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INDIANAPOLIS – Hunter Henry knows the history. Better than you do. Six years ago, he remembers, the best tight end in college football entered the draft after a stellar season at Arkansas. His future was promising.

Then D.J. Williams washed out of the league in four years.

Williams was an imperfect pro prospect. Too short, standing just 6-foot-2. Not enough athleticism. The Green Bay Packers drafted him in the fifth round, and it looked like they might’ve uncovered a bargain.

They didn’t. Williams, the 2010 John Mackey Award winner, was released midway through his rookie deal. He failed to resurrect his career in Jacksonville, New England and Tampa Bay.

Naturally, the flashbacks are strong entering the 2016 draft. Once again, college football’s best tight end comes from Arkansas. Once again, he’s a Mackey Award winner. Guilty by association? Hunter Henry disagrees.

“That was a long time ago,” Henry said. “D.J. was a great player. I’m not going to take that away from him. He was a tremendous, tremendous player, but I think I provide something a little bit different.”

Beside the Mackey award, the similarities between Henry and Williams are few. Both tight ends enjoy a good “woo pig sooie” hog call. That’s about it.

The contrast starts with Henry’s height. He measured 6-foot-4 7/8 and 250 pounds at the NFL scouting combine, three inches taller than Williams. Henry is a big receiving target, a threat down the field and in the red zone.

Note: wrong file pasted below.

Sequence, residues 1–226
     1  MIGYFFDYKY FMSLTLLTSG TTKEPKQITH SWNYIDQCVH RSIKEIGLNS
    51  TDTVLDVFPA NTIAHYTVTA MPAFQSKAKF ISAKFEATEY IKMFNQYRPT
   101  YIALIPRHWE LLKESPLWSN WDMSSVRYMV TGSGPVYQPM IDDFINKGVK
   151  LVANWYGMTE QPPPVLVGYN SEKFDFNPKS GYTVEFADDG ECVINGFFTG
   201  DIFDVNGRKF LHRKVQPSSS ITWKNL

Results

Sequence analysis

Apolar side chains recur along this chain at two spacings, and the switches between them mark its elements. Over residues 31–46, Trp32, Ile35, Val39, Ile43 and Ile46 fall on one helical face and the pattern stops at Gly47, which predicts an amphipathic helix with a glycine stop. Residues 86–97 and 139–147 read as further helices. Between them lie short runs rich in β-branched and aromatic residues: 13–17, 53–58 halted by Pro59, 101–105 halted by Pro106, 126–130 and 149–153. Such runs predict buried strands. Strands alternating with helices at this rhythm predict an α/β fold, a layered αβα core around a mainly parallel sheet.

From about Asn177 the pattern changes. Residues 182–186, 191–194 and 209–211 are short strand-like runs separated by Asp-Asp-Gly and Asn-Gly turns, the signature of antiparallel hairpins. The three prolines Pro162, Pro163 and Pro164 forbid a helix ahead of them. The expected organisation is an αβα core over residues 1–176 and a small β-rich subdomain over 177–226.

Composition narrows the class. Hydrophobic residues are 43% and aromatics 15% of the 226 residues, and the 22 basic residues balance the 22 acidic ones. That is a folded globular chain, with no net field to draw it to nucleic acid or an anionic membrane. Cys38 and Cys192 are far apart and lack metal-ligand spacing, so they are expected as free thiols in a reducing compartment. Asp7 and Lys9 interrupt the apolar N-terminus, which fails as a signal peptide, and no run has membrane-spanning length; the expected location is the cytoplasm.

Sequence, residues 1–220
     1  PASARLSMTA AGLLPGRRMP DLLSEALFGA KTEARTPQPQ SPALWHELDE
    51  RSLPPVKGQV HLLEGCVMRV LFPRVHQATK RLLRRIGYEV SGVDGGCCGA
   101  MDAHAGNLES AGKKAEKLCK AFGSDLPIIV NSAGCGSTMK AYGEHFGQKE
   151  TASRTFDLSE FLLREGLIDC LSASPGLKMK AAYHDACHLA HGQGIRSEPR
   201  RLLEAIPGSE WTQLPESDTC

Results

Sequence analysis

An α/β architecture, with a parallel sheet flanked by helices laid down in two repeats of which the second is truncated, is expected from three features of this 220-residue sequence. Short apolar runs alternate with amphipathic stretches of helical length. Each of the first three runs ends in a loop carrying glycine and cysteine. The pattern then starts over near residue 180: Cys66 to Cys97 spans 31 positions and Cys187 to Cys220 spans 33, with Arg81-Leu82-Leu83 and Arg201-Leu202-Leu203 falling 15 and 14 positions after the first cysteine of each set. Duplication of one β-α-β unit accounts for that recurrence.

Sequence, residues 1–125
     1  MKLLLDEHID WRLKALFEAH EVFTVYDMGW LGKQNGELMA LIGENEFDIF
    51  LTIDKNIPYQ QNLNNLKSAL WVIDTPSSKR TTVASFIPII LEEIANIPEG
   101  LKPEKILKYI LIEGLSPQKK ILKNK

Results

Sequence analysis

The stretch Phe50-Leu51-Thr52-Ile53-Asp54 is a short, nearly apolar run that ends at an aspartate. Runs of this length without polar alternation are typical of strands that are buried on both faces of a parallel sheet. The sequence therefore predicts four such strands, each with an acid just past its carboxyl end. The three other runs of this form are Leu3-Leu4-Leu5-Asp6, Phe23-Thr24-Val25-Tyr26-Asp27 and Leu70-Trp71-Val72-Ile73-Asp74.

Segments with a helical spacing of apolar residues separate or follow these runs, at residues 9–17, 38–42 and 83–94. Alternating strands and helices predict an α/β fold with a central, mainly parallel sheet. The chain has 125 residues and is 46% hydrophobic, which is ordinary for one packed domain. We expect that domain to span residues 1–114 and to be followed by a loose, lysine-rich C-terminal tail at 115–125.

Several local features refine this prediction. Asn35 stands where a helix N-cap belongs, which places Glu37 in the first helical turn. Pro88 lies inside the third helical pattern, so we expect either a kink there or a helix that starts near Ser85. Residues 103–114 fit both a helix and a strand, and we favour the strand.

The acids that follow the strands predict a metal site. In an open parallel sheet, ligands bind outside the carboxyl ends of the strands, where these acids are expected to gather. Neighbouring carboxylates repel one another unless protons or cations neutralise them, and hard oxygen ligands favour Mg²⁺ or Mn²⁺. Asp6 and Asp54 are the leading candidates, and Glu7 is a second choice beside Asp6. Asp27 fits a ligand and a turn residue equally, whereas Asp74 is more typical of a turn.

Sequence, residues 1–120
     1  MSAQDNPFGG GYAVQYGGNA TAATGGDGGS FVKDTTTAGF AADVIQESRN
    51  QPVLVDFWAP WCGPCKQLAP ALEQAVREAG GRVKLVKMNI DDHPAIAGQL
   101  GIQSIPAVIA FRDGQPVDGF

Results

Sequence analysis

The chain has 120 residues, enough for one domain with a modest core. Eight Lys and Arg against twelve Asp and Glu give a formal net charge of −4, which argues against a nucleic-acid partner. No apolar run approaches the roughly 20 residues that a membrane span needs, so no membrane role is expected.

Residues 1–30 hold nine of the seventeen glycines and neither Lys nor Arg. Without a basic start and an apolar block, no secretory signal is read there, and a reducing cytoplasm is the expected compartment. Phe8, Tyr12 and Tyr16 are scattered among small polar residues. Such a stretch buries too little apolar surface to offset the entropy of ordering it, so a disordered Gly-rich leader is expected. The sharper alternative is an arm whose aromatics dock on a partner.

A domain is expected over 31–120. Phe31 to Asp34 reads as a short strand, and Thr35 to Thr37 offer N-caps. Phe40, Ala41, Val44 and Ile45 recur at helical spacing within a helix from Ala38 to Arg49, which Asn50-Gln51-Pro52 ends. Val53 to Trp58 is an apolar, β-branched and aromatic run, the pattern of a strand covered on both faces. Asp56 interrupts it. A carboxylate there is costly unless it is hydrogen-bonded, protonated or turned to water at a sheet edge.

Henry’s college career also prepared him better for the NFL. The biggest difference between the two tight ends is scheme. Williams played his entire four-year career in former Arkansas coach Bobby Petrino’s pass-happy spread offense. His 152 career catches, 1,855 and 10 touchdowns could be attributed as a byproduct to Petrino’s system.

Henry caught 51 passes for 739 yards and three touchdowns last fall, arguably better numbers than Williams had during his Mackey award-winning season. His production came in Arkansas coach Brett Bielema’s pro-style system, which features the running game above all else.

Henry said playing in Bielama’s offense better prepared him for the NFL. He was a dinosaur in modern college football. Quickly, Henry’s breed of tight end is going extinct. He can catch passes like a wide receiver, but also line up next to an offensive tackle and block.

“Coach (Bielema) has produced a lot of tight ends,” Henry said. “I feel like I’ve been in a system that really has helped me and will help me translate to the next level because I know coach B’s background. He has guys in the league still. I’ve trusted his process the whole time. I feel like I’m ready.

“The college game is turning into a spread-offense game, sadly. We were one of the few offenses that were a run-first, pass-second, almost balanced offense. True pro style, I would say. It was a big opportunity for me.”

So Henry’s best pro comparison isn’t Williams, regardless of their accomplishments and school colors. Henry more closely resembles Owen Daniels or Lance Kendricks, tight ends who benefited from Bielema’s system at Wisconsin.

He may have more talent than either. While he didn’t run the 40-yard dash with other tight ends at the NFL scouting combine Saturday, Henry reportedly has the potential to crack 4.6 seconds. That kind of speed could solidify his place in the first round.